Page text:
As NASA astronomers peer further and further into space, they require ever larger and more powerful telescopes to do so. That’s why one team of researchers from the Jet Propulsion Lab (JPL) have proposed using the biggest object in our solar system, the Sun, as a cosmic magnifying glass.
According to Einstein’s Theory of Relativity, massive objects will bend the space around it and cause the path of objects traveling within that space — including light itself — to curve as well. And, under the right conditions, that light can bend just enough that it magnifies the view of space behind it. This is known as “gravitational lensing”, and astronomers have leveraged its effect for years to help boost the visual prowess of our telescopes. We discovered the exoplanet Kepler 452b in this manner and that thing is hundreds of millions of light years away.
However, there are some technical challenges with this plan. As the JPL team explained during a presentation to NASA’s recent Planetary Science Vision 2050 workshop in DC, the observational instruments would need to be stationed 550 AU away from the Sun in order to focus its light accurately. 1 AU is the distance between the Sun and the Earth so 550 AU is smack dab in the middle of interstellar space. For reference, Voyager 1 is currently only 137 AU from Earth and it’s taken 40 years for the plucky little spacecraft to get there.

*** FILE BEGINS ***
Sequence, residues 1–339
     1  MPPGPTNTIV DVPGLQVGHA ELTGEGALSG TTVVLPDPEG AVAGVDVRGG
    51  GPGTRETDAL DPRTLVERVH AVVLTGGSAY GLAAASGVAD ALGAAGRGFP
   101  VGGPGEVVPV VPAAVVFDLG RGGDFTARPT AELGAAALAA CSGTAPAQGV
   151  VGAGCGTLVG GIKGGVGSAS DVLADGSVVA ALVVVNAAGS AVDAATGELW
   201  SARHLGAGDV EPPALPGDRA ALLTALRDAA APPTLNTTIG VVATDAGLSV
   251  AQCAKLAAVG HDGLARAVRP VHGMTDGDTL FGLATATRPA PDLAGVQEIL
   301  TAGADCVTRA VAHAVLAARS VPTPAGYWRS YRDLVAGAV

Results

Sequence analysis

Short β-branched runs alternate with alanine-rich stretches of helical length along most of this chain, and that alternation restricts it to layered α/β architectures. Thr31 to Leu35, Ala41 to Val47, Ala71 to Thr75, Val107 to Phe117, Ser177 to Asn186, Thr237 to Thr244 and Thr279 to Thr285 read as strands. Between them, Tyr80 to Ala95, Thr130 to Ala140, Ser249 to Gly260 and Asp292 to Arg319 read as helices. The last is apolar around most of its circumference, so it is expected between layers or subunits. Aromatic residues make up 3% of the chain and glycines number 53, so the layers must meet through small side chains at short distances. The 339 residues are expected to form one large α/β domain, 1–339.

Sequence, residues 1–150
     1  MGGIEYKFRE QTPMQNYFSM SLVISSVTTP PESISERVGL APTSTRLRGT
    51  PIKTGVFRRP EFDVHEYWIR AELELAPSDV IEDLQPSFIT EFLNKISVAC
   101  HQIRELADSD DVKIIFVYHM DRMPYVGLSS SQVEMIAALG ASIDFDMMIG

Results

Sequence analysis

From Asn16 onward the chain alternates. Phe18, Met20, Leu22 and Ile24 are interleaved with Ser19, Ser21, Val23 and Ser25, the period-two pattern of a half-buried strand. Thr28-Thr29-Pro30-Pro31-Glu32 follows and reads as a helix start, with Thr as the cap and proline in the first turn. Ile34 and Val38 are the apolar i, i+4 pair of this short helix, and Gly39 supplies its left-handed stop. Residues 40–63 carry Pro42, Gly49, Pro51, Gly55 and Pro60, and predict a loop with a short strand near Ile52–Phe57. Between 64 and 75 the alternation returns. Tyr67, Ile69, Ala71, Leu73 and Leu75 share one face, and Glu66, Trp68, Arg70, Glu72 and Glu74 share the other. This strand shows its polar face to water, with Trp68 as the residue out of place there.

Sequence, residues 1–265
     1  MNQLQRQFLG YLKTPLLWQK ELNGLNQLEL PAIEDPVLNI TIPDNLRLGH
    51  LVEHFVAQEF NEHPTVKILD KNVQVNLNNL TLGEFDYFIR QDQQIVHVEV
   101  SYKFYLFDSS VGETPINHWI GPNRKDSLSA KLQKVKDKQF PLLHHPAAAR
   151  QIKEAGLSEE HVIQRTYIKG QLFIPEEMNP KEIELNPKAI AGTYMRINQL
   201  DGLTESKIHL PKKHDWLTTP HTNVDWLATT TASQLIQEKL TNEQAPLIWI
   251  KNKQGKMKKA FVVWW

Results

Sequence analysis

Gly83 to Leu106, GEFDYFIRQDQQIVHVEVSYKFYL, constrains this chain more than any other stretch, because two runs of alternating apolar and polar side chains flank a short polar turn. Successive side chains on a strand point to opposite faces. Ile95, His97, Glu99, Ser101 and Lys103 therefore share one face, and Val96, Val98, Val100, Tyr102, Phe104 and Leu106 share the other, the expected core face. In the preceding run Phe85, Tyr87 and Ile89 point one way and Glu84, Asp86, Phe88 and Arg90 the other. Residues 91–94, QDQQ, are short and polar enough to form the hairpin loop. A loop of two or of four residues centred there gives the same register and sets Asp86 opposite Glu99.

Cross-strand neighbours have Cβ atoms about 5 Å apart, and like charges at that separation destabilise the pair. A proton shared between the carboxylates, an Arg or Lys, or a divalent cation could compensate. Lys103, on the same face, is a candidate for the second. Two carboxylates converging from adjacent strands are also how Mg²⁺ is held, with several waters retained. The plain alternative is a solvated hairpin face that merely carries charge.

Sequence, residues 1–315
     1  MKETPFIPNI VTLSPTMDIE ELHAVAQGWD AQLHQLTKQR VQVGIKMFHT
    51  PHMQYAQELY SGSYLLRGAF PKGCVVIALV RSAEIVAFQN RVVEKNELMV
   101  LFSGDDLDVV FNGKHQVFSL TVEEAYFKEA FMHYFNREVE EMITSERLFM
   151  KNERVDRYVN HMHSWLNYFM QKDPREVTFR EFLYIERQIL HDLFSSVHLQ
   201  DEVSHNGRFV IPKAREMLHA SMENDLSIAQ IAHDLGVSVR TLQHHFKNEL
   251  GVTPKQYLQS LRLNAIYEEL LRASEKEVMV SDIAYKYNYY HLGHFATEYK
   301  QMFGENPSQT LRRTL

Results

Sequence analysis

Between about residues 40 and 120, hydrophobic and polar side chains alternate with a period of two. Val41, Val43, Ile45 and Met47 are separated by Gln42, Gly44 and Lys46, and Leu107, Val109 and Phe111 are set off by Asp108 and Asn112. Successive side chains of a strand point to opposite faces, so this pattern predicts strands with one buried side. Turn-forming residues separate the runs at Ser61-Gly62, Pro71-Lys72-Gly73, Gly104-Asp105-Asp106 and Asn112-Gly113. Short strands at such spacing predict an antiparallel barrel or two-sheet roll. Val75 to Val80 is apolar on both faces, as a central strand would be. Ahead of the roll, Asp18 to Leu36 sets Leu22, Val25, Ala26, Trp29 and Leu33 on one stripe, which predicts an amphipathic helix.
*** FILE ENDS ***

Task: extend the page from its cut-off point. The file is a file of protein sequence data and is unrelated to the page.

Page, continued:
There’s also the issue of the Earth’s orbit. Depending on the planet’s position relative to the Sun and observational instruments, the window for observing specific stars or sections of the sky could be extremely limited.
Despite these technical difficulties, the payoff for actually implementing this system would be huge. Currently, we have difficulty separating the exoplanet and its host star in our imaging. Like the TRAPPIST-1 shots that came out last week, generally what you get is an amorphous blob of pixels. But with the Sun as a gravitational lens, telescopes equipped with starshade technology will be able to see the exoplanet itself.
Not only that, the magnification will be an order of magnitude better than what we can currently achieve. Rather than an image with a couple of pixels, we’d be able to capture 1000 x 1000 pixel images — enough to see a 10km square of a planet’s surface — from 100 light years away. The Hubble can’t even manage that when looking at Mars. The magnification effect would also drastically increase our ability to analyze the chemical makeup of atmospheres of distant exoplanets through spectroscopy.
So while the challenges of implementing such a system are daunting, the scientific rewards for doing so would be astronomical.
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